The “spectacular scenery” mentioned in our itinerary was probably best displayed when we arrived at the ‘Neck’, the isthmus that keeps North and South Bruny Island connected. We stopped before we had gone too far along the Neck at the Truganini Lookout and Penguin Rookery. There is an impressive wooden set of stairs that took us up to a lookout where the panoramic views over the Neck to South Bruny Island were very impressive. To our left was the broad expanse of Adventure Bay and to our right was Isthmus Bay opening out into the D’Entrecasteaux Channel. We didn’t get a chance to wander down to the beach where the Penguin rookery was. Given our experience already with Penguin rookeries on the north coast of Tasmania, we knew the Little Penguins and the Short-Tailed Shearwaters would be absent, out at sea gathering food.

I was interested to discover the reason behind why this lookout area was named after Truganini. She was born on Bruny Island in 1812 and her story is a sad exemplar of what happened to the Tasmanian Aboriginals during her life-time. I remembered that she was in the news in 1976 when the press published stories about her on the centenary of her death in 1876. They put particular emphasis on the fact that she was the last full blooded Tasmanian aboriginal to die. I was a young history teacher at the time and I remember posing the provocative question to one of my classes that ran something like, “What country has completed a full genocide of a specific race of people?” My logic was that if there were no more full-blooded members of this race of people, cut off from the Australian continent at the end of the last Ice Age, then it must be genocide. Unfortunately one part of the Truganini story that was being told was not quite accurate; she wasn’t the last full blooded Tasmanian aboriginal and she certainly wasn’t the last person to claim the heritage of these people which continues today throughout Tasmania.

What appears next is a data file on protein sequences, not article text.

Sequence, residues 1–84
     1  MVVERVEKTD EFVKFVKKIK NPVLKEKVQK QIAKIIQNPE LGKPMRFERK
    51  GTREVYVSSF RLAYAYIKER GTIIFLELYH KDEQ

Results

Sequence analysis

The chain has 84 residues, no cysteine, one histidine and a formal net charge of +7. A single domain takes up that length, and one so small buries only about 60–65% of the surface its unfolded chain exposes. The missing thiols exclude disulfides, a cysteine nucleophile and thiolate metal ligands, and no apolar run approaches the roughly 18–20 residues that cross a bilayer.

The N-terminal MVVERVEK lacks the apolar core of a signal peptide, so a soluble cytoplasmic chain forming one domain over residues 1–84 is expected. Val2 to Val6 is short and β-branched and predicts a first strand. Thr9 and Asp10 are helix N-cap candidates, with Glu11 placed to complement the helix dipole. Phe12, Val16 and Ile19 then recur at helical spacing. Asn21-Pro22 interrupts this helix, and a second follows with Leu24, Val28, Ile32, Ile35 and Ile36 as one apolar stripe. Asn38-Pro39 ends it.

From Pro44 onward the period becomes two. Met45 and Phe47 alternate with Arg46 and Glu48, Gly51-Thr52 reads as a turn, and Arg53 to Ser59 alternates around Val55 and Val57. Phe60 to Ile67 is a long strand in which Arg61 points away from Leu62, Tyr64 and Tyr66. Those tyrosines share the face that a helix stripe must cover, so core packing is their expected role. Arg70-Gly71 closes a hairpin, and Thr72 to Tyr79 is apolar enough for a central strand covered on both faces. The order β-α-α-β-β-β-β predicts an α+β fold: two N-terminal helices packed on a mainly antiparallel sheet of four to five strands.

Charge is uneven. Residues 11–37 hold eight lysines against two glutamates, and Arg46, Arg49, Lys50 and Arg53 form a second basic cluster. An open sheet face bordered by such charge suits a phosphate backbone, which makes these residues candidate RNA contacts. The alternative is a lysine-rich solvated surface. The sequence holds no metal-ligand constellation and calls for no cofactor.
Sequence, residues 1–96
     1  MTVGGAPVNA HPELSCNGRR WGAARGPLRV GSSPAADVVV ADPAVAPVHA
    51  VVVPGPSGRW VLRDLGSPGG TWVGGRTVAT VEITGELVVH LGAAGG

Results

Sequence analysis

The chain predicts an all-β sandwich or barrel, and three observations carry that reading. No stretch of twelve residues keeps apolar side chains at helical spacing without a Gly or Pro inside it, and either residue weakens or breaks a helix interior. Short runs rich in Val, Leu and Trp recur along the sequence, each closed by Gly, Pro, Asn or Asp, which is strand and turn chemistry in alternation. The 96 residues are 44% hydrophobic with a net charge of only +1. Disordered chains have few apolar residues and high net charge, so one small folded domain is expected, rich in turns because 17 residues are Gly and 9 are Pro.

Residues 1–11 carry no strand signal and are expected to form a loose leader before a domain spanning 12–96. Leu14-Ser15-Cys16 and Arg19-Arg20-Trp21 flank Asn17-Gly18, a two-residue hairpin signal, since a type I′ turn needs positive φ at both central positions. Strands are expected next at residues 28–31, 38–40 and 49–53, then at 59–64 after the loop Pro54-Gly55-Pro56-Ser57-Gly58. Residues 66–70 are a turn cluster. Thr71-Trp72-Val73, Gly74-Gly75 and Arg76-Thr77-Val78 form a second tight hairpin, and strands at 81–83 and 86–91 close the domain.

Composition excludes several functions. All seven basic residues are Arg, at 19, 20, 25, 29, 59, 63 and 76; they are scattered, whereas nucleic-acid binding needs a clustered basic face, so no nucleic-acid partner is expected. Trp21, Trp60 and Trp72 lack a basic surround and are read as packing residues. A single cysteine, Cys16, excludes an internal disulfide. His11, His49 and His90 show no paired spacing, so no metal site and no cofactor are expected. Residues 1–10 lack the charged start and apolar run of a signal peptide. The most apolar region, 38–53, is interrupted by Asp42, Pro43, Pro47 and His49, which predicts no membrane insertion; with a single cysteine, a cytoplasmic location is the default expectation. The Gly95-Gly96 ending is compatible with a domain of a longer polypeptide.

However, Truganini’s tragic story needs to be part of the Australian memory of its history. By the time she was 17, “her mother had been killed by sailors, her uncle shot by a soldier, her sister abducted by sealers, and her fiancé brutally murdered by timber-cutters who then repeatedly sexually abused her”. (Wikipedia). The rest of her life didn’t go much better and the least that could be said is that by the time of the centenary of her death, 20th century Australians were ready to respect her last wishes for her ashes to be scattered in the D’Entrecasteaux Channel. Even in 2002, some of her hair and skin were found in a collection in the English Royal College of Surgeons and returned to Tasmania for reburial.